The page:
Planning toward providing primary health care to all the world is, without argument, admirable in its humanistic vision. It calls for the finest of human effort and ingenuity. It is a goal not yet accomplished even in the wealthy industrial nations. The exertions that will be required, the funds and workers not yet recruited, and the infinitely detailed operational issues make the labors assigned to Hercules seem the wispiest of trivia.
The magnitude and variety of organizational problems seem now to have set the laborers in the field to attacks upon each other. This book, which airs their weariness and frustration, seems to be intended for consumption within the World Health Organization bureaucracy.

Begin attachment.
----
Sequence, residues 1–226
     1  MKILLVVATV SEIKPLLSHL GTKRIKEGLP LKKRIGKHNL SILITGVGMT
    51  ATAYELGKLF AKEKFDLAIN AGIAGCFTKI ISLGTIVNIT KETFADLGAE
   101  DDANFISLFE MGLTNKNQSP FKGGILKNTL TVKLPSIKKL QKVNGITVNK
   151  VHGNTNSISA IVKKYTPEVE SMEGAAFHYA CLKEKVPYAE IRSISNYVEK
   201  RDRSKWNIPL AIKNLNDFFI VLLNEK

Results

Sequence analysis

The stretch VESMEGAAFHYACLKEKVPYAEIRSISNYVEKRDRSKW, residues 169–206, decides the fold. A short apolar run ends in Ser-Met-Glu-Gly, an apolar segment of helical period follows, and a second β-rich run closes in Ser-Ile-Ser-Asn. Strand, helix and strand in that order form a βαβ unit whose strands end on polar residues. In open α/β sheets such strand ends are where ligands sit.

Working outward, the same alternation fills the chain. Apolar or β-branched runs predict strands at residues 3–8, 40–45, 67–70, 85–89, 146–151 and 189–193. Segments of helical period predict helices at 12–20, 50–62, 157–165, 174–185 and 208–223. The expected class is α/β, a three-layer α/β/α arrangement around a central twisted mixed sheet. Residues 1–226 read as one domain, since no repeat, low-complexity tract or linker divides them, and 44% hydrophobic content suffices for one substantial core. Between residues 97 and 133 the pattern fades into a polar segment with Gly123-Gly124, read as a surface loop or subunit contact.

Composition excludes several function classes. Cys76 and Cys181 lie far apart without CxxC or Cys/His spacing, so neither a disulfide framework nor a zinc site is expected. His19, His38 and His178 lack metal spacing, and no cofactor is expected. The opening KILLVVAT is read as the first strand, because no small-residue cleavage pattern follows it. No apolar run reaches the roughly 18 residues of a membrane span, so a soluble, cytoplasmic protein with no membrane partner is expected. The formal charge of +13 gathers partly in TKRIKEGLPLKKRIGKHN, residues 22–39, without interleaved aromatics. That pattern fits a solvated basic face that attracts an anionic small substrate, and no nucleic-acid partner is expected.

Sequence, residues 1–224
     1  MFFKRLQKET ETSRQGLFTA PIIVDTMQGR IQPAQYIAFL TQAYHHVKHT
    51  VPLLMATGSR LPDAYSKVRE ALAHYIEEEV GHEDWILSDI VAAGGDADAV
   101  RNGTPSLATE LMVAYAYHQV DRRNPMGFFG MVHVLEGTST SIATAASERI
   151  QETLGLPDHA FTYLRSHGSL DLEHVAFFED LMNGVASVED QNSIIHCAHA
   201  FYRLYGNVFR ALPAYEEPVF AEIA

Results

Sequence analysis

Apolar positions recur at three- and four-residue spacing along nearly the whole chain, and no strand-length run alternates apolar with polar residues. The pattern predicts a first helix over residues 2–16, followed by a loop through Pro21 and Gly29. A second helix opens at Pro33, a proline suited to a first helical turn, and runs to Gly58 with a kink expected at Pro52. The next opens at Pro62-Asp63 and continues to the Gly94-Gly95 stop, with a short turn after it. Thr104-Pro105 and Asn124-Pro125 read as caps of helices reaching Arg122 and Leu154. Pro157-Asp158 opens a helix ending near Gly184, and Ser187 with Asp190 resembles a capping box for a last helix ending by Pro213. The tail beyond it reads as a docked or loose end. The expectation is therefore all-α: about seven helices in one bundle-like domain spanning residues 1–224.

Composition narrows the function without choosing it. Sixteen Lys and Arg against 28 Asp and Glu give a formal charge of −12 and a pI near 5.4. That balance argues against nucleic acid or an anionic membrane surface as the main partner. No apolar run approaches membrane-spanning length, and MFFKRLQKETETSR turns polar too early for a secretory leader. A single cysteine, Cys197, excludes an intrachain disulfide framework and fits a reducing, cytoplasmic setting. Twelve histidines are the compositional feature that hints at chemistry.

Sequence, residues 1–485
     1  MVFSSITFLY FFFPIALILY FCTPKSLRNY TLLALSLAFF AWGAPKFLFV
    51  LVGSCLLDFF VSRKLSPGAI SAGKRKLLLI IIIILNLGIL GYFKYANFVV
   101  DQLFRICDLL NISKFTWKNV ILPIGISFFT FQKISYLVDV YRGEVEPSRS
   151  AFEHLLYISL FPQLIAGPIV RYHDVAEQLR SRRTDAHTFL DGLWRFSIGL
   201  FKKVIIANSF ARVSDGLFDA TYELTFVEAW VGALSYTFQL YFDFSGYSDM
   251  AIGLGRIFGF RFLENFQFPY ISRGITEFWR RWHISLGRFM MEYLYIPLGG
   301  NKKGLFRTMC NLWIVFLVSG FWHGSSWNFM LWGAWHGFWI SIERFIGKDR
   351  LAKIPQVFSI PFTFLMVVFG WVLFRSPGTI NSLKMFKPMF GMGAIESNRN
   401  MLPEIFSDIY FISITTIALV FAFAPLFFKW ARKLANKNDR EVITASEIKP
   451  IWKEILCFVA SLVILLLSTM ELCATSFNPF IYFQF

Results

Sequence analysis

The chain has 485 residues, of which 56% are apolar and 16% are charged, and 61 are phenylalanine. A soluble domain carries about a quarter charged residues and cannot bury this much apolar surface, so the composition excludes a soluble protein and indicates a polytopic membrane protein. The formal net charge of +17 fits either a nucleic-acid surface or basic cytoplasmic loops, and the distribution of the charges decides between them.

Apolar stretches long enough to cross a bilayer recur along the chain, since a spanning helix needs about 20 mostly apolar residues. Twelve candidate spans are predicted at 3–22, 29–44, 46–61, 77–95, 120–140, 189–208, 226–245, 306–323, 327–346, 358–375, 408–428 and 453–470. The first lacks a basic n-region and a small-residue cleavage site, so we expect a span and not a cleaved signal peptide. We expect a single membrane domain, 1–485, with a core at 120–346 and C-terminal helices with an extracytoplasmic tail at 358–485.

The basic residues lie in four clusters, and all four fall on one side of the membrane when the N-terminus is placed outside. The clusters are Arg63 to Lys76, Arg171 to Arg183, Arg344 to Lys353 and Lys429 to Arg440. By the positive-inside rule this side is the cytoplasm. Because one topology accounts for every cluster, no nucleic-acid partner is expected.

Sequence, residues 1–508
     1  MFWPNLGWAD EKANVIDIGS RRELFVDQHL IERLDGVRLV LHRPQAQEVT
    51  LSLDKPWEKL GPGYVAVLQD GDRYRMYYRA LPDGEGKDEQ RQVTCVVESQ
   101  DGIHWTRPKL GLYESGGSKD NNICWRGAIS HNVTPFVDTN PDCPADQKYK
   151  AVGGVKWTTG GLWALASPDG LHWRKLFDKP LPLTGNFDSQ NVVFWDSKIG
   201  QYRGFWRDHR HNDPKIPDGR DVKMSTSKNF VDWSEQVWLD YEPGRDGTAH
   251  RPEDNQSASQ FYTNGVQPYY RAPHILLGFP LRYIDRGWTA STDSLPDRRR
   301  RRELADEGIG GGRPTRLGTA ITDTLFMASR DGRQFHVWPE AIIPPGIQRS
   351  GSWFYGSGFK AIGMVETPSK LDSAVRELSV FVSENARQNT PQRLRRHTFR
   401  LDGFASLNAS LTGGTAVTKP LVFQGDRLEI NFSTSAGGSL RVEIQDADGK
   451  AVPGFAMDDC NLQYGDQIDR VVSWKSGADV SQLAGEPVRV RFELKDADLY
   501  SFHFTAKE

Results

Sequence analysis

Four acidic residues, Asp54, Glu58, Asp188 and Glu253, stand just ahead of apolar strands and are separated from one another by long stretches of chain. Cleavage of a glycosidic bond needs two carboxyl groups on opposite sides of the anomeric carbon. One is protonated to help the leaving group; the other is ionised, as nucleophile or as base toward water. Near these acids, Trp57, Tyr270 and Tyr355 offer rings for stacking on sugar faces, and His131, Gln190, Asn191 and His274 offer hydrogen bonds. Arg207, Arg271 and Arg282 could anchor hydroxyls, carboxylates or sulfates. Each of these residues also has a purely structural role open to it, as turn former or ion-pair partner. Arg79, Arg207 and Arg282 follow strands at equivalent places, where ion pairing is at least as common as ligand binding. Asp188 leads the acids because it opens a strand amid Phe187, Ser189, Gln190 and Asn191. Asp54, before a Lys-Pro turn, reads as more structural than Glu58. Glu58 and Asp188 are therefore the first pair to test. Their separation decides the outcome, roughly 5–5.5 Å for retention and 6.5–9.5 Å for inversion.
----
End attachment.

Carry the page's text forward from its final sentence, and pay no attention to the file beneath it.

A physician (for the purposes of review in a medical journal) might pick up this softcover book of 14 essays prepared to learn about primary medical care and the social sciences, but put it down somewhat shaken,
Lewis TH. Anthropology and Primary Health Care. JAMA. 1992;267(21):2959. doi:10.1001/jama.1992.03480210121045